• March 22, 2016


‘the old will not put up much of a fight so we’ll use them for a dry run’

From April ‘means testing’ is to be introduced for public sector sheltered housing.

Here’s an extract from the Department of Infrastructure press release with quotes from Minister Phil Gawne and his member for Housing Chris Thomas:

“The current system for the allocation of public sector sheltered housing, which was last reviewed in 2002, focuses mainly on residency and does not take into account the financial circumstances of the applicant.

The Department of Infrastructure published the responses to the public consultation on its specific proposals last autumn, with respondents broadly in favour of the changes.

Infrastructure Minister Phil Gawne MHK said: ‘The modernisation of the system will promote greater fairness and will allow Government to better target its resources. Sheltered housing is more costly to provide and maintain than general public sector accommodation and is consequently more heavily subsidised from the public purse.’

He added: ‘Some people who currently access public sector sheltered housing are property owners or have recently sold a home and have significant financial assets. It is clearly not acceptable or sustainable to continue to provide substantially subsidised low cost housing to older people who have the means to pay for a suitable alternative in the private sector.’

There are provisions within the new criteria to assist people who are not eligible for public sector sheltered housing because of their financial circumstances, but whose needs cannot be met in the private sector. Access to public sector sheltered housing can still be allowed, but rental costs will be more aligned with the private sector.

Chris Thomas MHK, Department of Infrastructure Member with responsibility for Housing, commented: ‘The prioritisation process being introduced in April forms part of a wider five-year housing policy review that was agreed by Tynwald in November 2013 and developed in conjunction with the current sheltered housing providers. Public sector investment is not harmed and one benefit might be that private and third sector investment in older persons housing of various types is increased.’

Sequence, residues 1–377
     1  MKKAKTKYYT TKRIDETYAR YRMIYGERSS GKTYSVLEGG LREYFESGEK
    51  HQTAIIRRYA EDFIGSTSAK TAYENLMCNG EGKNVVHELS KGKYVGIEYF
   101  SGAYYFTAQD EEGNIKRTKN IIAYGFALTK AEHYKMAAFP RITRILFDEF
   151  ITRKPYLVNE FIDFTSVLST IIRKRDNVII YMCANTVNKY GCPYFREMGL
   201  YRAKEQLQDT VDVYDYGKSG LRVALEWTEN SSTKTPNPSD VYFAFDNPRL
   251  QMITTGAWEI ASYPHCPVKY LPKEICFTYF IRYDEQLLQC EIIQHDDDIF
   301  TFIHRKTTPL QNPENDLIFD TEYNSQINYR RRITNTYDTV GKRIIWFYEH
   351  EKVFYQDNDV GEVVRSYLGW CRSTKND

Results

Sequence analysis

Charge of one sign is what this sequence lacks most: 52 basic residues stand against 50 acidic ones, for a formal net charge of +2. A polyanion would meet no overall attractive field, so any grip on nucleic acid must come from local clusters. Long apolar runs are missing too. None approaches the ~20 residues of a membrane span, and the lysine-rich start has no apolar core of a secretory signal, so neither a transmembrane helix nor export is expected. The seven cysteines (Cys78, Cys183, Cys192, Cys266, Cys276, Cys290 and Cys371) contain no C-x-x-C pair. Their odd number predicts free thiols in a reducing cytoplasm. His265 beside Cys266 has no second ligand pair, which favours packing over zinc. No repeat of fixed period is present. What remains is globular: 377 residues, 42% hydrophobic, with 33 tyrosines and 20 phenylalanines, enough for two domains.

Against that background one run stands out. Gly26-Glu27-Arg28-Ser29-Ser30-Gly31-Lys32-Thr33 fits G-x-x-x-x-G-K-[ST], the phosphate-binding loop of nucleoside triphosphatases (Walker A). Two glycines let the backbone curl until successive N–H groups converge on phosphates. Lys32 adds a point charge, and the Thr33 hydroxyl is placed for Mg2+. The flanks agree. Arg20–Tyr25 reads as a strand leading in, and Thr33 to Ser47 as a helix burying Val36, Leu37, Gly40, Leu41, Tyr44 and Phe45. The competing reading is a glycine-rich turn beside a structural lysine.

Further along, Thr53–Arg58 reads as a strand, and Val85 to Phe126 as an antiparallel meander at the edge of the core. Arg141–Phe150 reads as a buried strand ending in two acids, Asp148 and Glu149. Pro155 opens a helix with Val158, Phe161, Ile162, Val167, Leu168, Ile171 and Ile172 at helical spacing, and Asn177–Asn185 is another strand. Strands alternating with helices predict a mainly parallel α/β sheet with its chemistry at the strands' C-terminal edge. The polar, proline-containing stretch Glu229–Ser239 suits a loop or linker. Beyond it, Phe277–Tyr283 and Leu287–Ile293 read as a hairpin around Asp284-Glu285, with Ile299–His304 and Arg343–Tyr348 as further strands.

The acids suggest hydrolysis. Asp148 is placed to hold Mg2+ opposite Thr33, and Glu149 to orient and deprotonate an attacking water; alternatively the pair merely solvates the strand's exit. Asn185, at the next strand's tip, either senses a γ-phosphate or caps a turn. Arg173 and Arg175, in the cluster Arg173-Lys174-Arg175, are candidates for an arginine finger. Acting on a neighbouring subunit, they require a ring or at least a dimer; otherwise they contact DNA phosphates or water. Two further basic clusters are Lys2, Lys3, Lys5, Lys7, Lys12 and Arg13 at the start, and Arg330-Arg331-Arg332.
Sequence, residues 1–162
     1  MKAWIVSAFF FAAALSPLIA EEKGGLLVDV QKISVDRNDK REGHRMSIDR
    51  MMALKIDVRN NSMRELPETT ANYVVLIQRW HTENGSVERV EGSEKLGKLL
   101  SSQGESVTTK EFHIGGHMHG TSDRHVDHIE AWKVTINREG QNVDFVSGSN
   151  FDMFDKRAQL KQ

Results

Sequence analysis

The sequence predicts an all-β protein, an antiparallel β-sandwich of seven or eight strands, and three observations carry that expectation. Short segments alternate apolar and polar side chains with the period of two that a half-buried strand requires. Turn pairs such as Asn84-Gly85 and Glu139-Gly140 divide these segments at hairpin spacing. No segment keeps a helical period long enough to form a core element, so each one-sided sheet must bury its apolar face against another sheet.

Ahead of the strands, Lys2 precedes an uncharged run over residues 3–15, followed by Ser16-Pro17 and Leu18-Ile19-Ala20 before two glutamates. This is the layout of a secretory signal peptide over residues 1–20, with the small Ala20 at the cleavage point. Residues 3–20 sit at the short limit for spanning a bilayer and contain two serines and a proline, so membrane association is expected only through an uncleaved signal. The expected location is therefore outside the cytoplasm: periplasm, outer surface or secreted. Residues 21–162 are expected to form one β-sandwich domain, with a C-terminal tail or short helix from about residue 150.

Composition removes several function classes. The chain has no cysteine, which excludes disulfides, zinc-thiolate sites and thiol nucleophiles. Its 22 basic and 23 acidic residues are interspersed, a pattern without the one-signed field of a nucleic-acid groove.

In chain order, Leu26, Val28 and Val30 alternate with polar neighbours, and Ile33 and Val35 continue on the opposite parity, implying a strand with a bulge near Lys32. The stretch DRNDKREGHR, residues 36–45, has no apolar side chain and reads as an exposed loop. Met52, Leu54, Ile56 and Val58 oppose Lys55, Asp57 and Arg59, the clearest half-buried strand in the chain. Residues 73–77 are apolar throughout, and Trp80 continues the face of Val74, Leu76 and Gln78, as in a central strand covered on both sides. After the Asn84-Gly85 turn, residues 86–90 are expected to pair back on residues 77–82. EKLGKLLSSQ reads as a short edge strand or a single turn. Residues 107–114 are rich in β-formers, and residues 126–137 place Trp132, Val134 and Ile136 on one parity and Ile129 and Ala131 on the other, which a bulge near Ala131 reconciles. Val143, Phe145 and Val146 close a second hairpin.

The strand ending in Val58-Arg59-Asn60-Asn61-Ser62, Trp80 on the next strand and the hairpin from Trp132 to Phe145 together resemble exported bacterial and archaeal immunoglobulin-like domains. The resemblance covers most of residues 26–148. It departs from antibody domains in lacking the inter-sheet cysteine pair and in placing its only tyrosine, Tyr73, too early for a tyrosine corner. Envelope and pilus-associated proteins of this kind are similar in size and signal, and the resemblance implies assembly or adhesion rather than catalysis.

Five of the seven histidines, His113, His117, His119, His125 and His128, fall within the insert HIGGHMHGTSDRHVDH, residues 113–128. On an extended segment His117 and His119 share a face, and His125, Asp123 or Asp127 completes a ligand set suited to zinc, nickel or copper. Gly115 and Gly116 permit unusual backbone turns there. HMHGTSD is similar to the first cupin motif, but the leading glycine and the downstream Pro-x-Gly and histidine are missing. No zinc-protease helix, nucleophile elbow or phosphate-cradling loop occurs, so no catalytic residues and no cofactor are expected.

Basically if you strip out all the ‘faff’ what they are saying is the days when we could dish out public sector shelter housing regardless of means are over.

What it doesn’t say indeed scrupulously avoids is whether this is a precursor to means testing for public sector housing generally something they probably would not dare try this close to an election. Nor does it say if the means testing is retrospective and if any of the close relatives of MHK/MLCs now safely ensconced in sheltered housing not to mention the odd sitting member will also have their accounts looked at.

Note the section which says:

‘Access to public sector sheltered housing can still be allowed, but rental costs will be more aligned with the private sector.’

Is this going to be applied retrospectively in the interests of that ‘fairness’ Phil and Chris are wittering on about.

I’m a great believer in the principle of ‘fairness’ espoused by Minister Gawne and its clear that you can’t carry on the old system indefinitely particularly when you need to give millions of pounds away to private sector businesses!

But it seems a tad unfair if someone is denied accommodation from April while the proverbial ‘Ivor Nestegg’ has nipped in beforehand with his savings and gold plated pension intact. Its also ageist in that this move is focused on a specific sector of the community – who know there may be a human rights based discrimination argument here!

Returning to the broader issue of social housing is the longer term a broader agenda? It seems slightly imbalanced to target the elderly requiring sheltered housing and not have a broader strategy. Perhaps the thinking is the old will not put up much of a fight so we’ll use them for a dry run!

Photo: The benefits of community living at a lonely time for the elderly in life may soon be denied to many old people because of the ‘means test’.


Issued by: The Mannin Branch Celtic League



The Celtic League established in 1961 has branches in the six Celtic Countries including our own Mannin branch. It promotes cooperation between the countries and campaigns on a range of political, cultural and environmental matters. It highlights human rights abuse, military activity and socio-economic issues

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